4. Give as Much as You Get.
Assertiveness is a two-way street. If you want your boundaries to be respected, you must return the courtesy to your partner. If she doesn’t want you to use the bathroom when she’s in the shower, don’t. If he asks you to give him a half an hour after work before you talk and connect, respect that. When it comes to following through on a partner’s reasonable request, actions really do speak louder than words.

If your partner isn’t respecting your boundaries even though you’ve set them clearly, it may be time for professional help for you and/or your relationship. Contact Rosie at Positive Goals & Solutions today. Mobile: 0414 511 455.

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Owning Your Success

Owning Your SuccessEver notice that some people always have an excuse for their failures? The economy is bad, the weather isn’t cooperating, or there isn’t enough time. Whatever the challenge and however things turn out, they always have an excuse. The problem with this kind of thinking is that if you never own your failures, you can never truly own your successes.

Understanding our failures is important.  It’s how we grow. Having an excuse for our failures only keeps us stuck.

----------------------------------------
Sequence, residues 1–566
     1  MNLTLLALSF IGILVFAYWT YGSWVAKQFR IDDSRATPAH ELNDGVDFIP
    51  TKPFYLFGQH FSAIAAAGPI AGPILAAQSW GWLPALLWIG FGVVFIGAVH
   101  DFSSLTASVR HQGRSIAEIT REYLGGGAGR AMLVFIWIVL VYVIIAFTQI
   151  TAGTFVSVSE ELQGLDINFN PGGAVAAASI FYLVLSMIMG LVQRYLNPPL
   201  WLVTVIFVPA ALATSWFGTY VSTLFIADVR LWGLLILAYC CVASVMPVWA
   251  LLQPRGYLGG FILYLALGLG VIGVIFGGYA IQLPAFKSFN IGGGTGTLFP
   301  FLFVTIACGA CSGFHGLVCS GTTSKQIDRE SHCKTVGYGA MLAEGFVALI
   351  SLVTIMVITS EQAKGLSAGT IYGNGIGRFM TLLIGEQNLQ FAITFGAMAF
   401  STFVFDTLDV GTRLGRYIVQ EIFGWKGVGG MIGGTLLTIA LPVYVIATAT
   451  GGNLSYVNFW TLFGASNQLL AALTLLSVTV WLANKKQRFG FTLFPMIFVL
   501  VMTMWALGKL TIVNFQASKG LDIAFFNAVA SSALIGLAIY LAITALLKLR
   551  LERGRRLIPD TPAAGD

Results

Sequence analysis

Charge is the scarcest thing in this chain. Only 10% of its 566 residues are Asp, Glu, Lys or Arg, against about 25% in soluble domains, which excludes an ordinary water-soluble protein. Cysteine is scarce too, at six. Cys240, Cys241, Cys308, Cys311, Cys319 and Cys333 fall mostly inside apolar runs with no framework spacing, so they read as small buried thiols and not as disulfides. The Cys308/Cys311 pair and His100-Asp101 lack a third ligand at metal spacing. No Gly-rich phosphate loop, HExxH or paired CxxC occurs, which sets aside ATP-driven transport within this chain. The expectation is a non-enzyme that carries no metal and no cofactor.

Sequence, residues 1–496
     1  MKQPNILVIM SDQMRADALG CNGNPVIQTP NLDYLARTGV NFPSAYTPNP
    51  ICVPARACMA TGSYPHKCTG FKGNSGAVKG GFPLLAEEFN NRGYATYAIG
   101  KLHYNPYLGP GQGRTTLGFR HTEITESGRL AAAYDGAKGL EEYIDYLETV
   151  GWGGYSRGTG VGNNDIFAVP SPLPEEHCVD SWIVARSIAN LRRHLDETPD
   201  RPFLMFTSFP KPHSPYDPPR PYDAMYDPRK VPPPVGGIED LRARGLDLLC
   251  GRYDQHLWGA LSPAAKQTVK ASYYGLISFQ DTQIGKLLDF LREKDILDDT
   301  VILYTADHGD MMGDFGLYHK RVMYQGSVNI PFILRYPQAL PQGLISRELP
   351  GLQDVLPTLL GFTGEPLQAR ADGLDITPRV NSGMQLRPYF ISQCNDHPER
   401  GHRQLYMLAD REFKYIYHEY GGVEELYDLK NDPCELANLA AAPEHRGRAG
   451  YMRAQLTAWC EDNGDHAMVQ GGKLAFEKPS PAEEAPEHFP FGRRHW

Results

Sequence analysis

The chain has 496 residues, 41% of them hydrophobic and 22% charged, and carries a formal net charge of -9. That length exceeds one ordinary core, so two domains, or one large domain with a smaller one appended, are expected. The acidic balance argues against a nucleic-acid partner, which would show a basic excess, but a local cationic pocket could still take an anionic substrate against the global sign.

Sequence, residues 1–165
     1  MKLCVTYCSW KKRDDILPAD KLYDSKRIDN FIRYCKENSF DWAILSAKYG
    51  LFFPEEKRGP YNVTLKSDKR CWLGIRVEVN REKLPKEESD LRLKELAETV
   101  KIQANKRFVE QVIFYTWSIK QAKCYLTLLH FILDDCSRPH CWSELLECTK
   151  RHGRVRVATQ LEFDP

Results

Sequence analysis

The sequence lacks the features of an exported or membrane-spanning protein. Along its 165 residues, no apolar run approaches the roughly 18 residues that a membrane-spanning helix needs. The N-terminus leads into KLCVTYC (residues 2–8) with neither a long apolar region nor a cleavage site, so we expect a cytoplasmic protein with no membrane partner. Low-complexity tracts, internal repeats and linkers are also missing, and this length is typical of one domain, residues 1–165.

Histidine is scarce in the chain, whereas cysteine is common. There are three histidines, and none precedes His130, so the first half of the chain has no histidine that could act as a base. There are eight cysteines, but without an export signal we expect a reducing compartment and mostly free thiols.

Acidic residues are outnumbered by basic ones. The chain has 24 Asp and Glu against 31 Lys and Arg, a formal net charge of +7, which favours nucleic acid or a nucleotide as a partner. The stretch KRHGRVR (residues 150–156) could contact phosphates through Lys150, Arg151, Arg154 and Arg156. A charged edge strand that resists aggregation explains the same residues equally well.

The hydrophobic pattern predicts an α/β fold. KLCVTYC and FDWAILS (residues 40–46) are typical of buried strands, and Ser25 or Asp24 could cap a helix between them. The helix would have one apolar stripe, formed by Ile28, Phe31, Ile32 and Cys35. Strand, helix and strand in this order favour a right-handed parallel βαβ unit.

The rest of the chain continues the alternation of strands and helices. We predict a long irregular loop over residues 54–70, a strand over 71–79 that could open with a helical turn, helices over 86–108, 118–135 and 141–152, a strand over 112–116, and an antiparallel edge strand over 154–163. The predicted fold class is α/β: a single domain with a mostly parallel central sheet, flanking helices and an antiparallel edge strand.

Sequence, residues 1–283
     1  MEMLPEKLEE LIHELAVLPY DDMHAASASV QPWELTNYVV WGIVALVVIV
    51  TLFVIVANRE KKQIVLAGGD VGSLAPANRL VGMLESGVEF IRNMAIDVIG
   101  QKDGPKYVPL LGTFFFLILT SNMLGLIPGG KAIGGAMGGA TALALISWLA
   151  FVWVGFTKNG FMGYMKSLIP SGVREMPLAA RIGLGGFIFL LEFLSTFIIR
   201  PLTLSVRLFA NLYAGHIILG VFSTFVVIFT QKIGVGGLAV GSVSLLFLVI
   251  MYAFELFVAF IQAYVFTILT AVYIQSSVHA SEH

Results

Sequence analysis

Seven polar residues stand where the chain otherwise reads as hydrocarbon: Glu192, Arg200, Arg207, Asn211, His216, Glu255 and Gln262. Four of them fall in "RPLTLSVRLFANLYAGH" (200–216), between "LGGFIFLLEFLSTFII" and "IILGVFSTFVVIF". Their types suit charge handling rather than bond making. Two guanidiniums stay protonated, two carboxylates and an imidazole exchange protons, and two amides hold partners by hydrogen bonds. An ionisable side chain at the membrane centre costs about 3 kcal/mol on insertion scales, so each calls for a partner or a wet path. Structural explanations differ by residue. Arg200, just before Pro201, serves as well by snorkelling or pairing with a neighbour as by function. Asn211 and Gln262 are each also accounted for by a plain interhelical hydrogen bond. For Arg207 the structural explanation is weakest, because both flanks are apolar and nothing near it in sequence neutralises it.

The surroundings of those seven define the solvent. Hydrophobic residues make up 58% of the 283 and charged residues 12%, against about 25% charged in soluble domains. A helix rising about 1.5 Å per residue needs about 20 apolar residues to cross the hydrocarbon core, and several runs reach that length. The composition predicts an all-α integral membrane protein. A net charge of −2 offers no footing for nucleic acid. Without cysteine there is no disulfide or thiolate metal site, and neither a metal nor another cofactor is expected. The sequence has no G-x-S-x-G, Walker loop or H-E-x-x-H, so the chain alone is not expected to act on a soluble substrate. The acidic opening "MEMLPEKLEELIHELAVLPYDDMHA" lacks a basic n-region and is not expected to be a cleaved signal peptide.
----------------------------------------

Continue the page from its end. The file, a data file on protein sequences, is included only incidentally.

In the same vein, acknowledging and affirming your successes helps you to succeed even more.

Think about a time when you were successful – at the “top of your game.” Perhaps you won a buckle at the county rodeo, or topped the charts in the fifth grade spelling bee. You might have run a 5K race in your personal best time, or helped a senior citizen apply for assistance. What made you successful?  What skills and talents did you use?   How can you apply those same principles or use those same talents in other areas of your life?

Our actions, beliefs and behaviors are the key to success and to failure. Some people stare at the high jump bar and think “That’s too high for me.” Others stare at the same bar and think, “I wonder if I could jump higher?”

How can you jump a little higher today?

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How Well Do You Maintain Balance?

If trying to maintain balance in your life makes you feel like a tightrope walker, you’re not alone. Most of us have so many demands on our time and energy, life can feel like a three-ring circus. Take this quiz to see how well you are meeting responsibilities, while also recognizing and fulfilling personal needs and wants.